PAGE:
Unfortunately, Carman draws her errors directly from the conservative movement. Conservatives often fail to distinguish between the proper and essential role of government and the misuse of governmental power. Conservatives usually endorse the forcible transfer of wealth, though for “conservative” aims. Conservatives also pretend that government contracting means the same thing as “private” enterprise.

Here’s a recent example. A Colorado Republican release from October 16 states:

Leadership and members of House and Senate Republican caucuses gathered on the west steps of the Capitol today to unveil a comprehensive education package…

Among the GOP proposals addressing those priorities: a uniform, statewide curriculum standard to graduate high school; a general proficiency exam before any student could graduate; a requirement to display English proficiency before a student could graduate, and a plan to reward and retain the best teachers through performance bonuses. …

Assistant Senate Republican Leader Nancy Spence… the ranking GOP member of the Senate Education Committee, showcased two of her education-reform bills at the conference. One of the bills would offer parents tuition assistance for special-needs children, and the other offered performance incentives to teachers.

She said that students with special needs are particularly vulnerable when their educational options are limited and that their parents ought to be able to choose a program, private or public, that addresses the unique challenges their children face.

There’s that word “private” again, this time used by Republicans to mean government-financed schools for “students with special needs.”

But what does a real “private” or free-market school look like? It does not accept any tax dollars. It earns its revenues from willing customers. It sets rates of tuition, perhaps including sliding scales to accommodate the poor, in cooperation with its customers. It might accept charitable donations or even (actually) private vouchers, meaning vouchers funded voluntarily, rather than through tax dollars.

But, with a few rare and quiet exceptions, conservatives will not endorse free markets in education. Government-run education is conservative orthodoxy. True, some conservatives want the government to control education via tax-funded vouchers, and they pretend that this is the same thing as “private” education, but this is merely a minor variation on the theme of government force.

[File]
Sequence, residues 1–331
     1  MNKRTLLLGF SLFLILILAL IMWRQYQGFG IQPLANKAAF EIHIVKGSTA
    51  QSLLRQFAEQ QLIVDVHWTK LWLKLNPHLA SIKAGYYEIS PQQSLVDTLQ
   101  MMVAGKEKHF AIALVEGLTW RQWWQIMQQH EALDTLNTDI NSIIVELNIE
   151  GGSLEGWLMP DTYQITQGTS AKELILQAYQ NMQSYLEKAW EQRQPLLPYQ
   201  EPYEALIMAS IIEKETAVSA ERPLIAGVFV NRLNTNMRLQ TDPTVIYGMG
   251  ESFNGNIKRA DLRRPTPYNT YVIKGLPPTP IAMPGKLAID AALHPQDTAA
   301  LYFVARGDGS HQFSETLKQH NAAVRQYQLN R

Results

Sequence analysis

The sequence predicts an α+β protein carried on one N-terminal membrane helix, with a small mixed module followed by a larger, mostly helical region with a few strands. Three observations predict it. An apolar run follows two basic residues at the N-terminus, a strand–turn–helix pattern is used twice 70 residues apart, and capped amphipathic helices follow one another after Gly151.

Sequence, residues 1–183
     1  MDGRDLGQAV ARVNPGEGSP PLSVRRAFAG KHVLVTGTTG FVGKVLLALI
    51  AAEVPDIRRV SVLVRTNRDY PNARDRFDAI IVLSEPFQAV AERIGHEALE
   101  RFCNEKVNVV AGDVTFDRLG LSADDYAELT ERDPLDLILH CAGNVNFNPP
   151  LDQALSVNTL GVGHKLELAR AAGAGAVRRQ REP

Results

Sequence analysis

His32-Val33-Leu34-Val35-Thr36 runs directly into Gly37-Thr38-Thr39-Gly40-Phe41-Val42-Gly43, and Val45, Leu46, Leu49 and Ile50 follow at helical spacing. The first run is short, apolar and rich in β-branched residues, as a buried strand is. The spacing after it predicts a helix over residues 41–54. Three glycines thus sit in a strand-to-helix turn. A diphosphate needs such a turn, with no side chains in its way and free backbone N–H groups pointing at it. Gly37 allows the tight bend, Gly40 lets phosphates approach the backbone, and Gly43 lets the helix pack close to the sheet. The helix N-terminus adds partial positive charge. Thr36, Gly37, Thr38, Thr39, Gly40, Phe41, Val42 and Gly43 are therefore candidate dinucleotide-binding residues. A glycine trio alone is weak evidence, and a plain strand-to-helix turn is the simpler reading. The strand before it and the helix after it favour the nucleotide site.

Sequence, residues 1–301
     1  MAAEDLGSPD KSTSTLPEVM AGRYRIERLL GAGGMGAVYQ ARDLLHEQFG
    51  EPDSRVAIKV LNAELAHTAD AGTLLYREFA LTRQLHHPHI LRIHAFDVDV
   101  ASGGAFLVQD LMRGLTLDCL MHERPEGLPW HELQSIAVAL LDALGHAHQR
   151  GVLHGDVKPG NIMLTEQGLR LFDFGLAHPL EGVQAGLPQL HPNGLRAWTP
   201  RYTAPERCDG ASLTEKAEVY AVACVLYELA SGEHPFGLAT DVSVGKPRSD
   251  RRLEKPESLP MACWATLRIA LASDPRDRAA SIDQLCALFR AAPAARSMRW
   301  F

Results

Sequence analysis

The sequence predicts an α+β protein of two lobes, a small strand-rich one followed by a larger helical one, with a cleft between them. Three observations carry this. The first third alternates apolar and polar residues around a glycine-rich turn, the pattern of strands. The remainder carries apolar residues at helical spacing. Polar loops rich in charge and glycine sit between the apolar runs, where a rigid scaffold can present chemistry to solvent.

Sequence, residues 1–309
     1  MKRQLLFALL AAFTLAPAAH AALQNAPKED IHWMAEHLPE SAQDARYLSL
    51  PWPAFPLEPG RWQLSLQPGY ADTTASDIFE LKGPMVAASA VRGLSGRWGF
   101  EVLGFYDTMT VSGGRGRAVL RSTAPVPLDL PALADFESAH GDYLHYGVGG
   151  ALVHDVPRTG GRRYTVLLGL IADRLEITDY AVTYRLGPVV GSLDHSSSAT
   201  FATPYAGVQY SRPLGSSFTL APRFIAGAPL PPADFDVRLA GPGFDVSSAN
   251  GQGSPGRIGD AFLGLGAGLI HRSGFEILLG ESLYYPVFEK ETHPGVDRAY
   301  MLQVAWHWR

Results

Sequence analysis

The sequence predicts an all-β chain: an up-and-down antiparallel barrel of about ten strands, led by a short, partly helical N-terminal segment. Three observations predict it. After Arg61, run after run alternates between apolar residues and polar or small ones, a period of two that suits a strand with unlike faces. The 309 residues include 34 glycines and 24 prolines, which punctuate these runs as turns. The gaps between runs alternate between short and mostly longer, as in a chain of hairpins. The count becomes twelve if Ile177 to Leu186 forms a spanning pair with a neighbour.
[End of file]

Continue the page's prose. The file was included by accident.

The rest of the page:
Indeed, Colorado Republicans have proudly assumed the role of central planners. They want to micromanage every government-run school in the state. And why do government-run schools require such micromanagement? Because of the perverse incentives created by tax financing. Government-run schools face little incentive to serve their “customers.” These Republicans have no problem with government-run schools; they just want the government to run the schools their way.

Here is another example. This evening, the El Pomar Foundation is hosting a talk with Thomas Krannawitter of Hillsdale College. Here’s what Krannawitter has to say about government-run education:

In Ohio, as in the rest of America, taxpayers for years have poured billions of dollars into failing public schools. Dissatisfied with dismal results, the citizens of Cleveland decided to try something different. Parents would be given a voucher — tax dollars, that is — they could use to send their children to any school of their choice, public or private. By making choice available to more parents, schools would compete to attract students, providing a powerful incentive for all schools to strive for educational excellence. …

Contrary to the ACLU, the men who framed and ratified the Constitution and Bill of Rights rightly believed political freedom and good government require moral citizens capable of governing themselves. And they thought religion a powerful means of moral education that ought to be promoted by government.

Krannawitter confuses government-financed schools with “private” schools, thereby helping to obliterate the very idea of an actually “private,” free-market school. He enthusiastically endorses tax-financed education. And he suggests that government should also spend tax dollars to promote religion.

The broader critique is that Krannawitter conflates religion and morality, when actually objective morality can only be derived independently of religion. Religion undermines morality. But that debate is too broad for this post. For now, I need merely point out that Krannawitter does not advocate the right to control one’s own resources with respect to education or even religion; he believes the government should be in control.

The modern contest between “liberals” and “conservatives” is merely one to seize government control over our lives.